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I have lived one lifetime, still in progress. A scant two years older than me, Molly Crabapple has lived at least twenty. Drawing Blood is her memoir of her teen years in New York through her time traveling in Europe, modeling for artists of diverse merit, and drawing inmates at Guantanamo, all the while clutching her sketchbook.
Crabapple has gone through life seemingly unencumbered by doubt, or, more likely, living above its influence. When her formal art education left her unfulfilled, she walked away. When she wanted to see the world, she leapt aboard planes to Paris and Morocco, building friendships across cultures. When she needed money, she used her body instead of compromising her art, but most importantly, she hasn’t followed anyone else’s blueprints–her life is entirely a creation of her own.
Throughout her memoir she name drops friends of hers who’ve mixed art and activism, people like Laurie Penny, Buck Angel, and Amanda Palmer. She walks among giants because she is one, even though she has long since internalized the notion that New York, and by extension, life, kills its darlings, taking that which is original and creative and turning it into something corporate and commodified.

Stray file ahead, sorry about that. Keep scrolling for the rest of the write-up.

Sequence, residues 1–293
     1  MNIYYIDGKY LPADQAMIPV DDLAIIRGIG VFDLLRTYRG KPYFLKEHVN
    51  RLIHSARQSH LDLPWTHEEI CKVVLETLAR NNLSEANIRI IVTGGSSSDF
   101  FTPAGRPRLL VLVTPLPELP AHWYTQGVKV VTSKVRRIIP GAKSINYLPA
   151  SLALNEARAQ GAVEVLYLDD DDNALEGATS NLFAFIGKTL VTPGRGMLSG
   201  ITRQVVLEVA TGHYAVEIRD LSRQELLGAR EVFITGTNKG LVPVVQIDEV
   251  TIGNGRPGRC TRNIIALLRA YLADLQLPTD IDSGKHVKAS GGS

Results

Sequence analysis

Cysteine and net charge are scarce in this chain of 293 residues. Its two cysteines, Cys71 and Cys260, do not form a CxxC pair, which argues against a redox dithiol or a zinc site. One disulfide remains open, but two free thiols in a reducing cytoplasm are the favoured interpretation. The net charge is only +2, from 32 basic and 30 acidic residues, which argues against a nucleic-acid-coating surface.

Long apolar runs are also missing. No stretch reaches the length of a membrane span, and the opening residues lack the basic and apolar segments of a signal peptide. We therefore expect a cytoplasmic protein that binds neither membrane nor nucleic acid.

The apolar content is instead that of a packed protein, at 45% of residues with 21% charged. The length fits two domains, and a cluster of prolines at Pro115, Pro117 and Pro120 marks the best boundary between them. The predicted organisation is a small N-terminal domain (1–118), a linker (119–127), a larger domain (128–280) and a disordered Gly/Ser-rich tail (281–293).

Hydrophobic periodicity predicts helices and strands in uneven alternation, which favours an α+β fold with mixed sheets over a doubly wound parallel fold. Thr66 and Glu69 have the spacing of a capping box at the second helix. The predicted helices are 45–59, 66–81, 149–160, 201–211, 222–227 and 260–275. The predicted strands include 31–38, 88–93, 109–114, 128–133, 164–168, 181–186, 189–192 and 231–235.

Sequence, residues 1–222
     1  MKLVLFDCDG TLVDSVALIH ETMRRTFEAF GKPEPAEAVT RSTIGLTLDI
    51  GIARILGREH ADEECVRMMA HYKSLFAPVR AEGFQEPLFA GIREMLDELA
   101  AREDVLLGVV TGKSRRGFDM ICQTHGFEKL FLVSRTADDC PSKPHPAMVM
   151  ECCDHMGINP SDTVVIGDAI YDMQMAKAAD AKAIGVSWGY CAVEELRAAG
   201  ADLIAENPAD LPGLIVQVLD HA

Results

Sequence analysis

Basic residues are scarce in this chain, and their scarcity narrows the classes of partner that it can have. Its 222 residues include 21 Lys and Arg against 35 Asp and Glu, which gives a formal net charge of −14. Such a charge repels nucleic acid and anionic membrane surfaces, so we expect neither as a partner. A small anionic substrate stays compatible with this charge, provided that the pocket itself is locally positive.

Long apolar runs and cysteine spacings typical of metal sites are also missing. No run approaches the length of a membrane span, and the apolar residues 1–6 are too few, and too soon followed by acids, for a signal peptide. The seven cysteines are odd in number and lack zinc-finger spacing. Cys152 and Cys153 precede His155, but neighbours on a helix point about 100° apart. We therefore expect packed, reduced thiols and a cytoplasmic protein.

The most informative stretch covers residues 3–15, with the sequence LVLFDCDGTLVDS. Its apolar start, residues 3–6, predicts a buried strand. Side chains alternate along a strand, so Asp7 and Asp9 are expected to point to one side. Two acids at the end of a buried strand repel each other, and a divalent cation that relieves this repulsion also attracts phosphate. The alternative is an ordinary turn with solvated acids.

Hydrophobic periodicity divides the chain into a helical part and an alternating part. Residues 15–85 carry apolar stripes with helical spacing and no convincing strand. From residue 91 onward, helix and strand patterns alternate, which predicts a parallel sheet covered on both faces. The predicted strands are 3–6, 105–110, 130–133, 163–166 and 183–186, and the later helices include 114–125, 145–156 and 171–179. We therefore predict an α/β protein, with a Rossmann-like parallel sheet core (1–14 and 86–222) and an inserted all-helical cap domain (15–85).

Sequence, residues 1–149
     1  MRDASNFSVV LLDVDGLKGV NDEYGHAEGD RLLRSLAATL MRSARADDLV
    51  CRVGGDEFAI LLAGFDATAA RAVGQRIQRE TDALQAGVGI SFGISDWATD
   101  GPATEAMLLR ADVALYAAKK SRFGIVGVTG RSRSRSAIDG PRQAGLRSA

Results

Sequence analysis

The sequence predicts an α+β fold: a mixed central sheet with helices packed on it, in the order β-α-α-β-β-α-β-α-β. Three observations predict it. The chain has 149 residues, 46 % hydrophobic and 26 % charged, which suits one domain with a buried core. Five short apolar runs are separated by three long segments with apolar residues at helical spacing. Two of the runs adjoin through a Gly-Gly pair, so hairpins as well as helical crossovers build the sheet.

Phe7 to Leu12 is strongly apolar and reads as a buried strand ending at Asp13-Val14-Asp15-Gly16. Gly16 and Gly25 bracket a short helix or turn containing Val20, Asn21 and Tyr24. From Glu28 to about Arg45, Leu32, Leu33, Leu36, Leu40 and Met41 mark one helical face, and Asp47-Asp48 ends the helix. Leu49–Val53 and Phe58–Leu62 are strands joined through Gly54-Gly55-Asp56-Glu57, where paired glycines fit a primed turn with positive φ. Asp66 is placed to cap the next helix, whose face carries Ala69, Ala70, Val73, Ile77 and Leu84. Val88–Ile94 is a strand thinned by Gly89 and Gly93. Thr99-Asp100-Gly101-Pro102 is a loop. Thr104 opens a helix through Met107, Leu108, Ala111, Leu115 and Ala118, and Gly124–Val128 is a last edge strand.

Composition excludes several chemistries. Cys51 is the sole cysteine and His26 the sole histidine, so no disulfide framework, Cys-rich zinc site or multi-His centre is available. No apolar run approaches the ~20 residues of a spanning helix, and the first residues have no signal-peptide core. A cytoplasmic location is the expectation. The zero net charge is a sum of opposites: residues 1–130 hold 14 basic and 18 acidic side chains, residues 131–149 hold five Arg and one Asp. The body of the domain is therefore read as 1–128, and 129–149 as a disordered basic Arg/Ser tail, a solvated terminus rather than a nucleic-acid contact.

Her awareness is what may yet save her–whenever she finds herself falling into a rut, she intentionally finds another muse. The book itself is evidence of such, her first foray into formal writing after years of working through a visual medium. She’s needlessly self-deprecating about her skills in both–her book is frank and engaging, and her art looks like this.
Crabapple is awe-inspiring to anyone who aspires to live off their art alone; her greatest talents seem to be her willingness to throw caution to the wind and to hustle relentlessly while she does so. She is inimitable–her greatest appeal is her original perspective. No one can be Molly Crabapple but the woman who chose the name, but we can all learn from the example she set.